It's been a really long time since I've been here, and I hope you are all doing well. I decided to log on tonight to share with you something that I've been struggling with for some time, and which I think I've overcome, in the hope that it might help even just one person who's in a similar situation to me.
Some of you will know that I've been dreading the time that my son asks why he doesn't have a daddy like everyone else in his class. Until recently I've managed to get away with a simple answer, which was that all families are different and that some people have both parents, some have one or the other, some are raised by other family members etc. and that this was just the way our family is; just me and him. He turned 8 a few months ago and last week he told me that he wanted to know more about how our situation came about.
I found a book online that is called "Why don't I have a daddy?" and I ordered it to read along with him. The book was based on the circumstances of donor conception, in that a "very kind and generous man" gave a doctor one of his seeds, and the doctor gave it to me so that I could use it to make my baby. The man wasn't allowed to tell the doctor his name, because he wasn't in a position to look after a family, but he was so kind and generous that he wanted to help another person to have a family. He doesn't know that the seed was given to me, and that I used it to make my son, and we are not able to find out his name, because he didn't tell the doctor, so we will not be able to meet him. It's a bit like when a very rich person gives a lot of money to a charity to help other people who are very poor, but the rich person doesn't tell the charity that the money is from them, because the important thing is that the money is used to help the people who need it; it's not important who gave it to them. In the same way, it's not important who gave the doctor the seed, the important thing is that mummy was able to use the seed to make a precious child.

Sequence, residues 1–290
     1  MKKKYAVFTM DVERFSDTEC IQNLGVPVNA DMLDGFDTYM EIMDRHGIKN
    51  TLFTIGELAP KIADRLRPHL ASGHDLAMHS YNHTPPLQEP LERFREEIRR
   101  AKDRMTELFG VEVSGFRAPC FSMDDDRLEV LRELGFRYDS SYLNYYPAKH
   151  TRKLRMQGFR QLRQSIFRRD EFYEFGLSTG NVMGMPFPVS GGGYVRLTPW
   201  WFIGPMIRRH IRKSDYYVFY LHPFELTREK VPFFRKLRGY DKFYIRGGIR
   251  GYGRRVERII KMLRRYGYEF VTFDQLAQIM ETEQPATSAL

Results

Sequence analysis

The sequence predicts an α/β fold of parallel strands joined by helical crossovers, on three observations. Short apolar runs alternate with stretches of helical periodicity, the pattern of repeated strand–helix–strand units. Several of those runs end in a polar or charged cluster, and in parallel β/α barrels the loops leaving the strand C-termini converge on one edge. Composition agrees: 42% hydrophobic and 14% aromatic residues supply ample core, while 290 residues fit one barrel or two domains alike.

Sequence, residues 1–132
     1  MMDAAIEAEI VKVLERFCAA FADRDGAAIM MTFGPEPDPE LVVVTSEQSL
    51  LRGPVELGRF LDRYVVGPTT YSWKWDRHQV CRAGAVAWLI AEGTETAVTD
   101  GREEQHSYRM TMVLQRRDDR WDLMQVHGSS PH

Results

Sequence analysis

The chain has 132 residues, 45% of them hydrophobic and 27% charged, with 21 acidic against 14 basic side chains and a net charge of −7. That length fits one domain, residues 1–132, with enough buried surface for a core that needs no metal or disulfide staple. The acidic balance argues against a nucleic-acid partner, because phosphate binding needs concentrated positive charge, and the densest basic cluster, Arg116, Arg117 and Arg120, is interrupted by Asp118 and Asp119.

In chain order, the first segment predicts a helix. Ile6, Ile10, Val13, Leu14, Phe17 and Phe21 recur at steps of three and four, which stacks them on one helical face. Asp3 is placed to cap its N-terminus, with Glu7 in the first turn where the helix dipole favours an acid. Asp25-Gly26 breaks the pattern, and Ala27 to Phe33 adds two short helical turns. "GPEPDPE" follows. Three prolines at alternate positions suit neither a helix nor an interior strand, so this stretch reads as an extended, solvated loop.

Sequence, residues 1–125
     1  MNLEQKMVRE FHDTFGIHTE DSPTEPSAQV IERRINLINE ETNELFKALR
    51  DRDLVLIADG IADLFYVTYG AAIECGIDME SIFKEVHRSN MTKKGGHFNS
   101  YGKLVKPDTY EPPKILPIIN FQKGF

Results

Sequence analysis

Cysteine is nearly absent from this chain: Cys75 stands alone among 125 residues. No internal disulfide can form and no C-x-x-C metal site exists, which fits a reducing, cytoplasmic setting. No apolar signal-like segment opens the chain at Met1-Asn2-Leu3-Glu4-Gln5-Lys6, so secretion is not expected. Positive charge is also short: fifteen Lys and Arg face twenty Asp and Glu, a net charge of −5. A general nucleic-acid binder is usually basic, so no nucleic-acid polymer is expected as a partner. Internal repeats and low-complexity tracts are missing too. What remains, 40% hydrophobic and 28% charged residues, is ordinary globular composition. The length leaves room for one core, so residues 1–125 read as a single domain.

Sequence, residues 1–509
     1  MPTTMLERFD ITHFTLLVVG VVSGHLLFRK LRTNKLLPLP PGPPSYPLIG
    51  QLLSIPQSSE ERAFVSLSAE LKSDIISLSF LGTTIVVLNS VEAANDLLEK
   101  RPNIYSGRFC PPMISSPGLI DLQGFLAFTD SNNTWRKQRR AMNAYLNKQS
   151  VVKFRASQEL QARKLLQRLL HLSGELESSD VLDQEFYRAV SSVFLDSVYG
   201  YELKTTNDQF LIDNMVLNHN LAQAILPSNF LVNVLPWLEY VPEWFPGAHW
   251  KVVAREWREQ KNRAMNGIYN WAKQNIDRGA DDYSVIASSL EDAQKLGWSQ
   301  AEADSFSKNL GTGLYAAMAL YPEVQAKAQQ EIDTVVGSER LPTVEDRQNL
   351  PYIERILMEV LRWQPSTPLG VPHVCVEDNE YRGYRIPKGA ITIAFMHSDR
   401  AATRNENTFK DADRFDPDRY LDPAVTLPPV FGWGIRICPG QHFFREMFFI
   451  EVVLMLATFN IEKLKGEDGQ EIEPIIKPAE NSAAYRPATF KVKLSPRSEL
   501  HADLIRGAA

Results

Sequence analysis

I know it's not ideal to have to tell untruths to a child, but I think that this approach was the kindest and most gentle I could come up with, to protect him from finding out that he was conceived through his mummy being hurt so badly. I desperately hope it was the right thing to do, and I feel in my heart that it was. I feel such relief having had this discussion with him and now being able to stop worrying about what to say, and I feel that in a way I have achieved some sort of closure.
Take care everyone, and thank you all for your support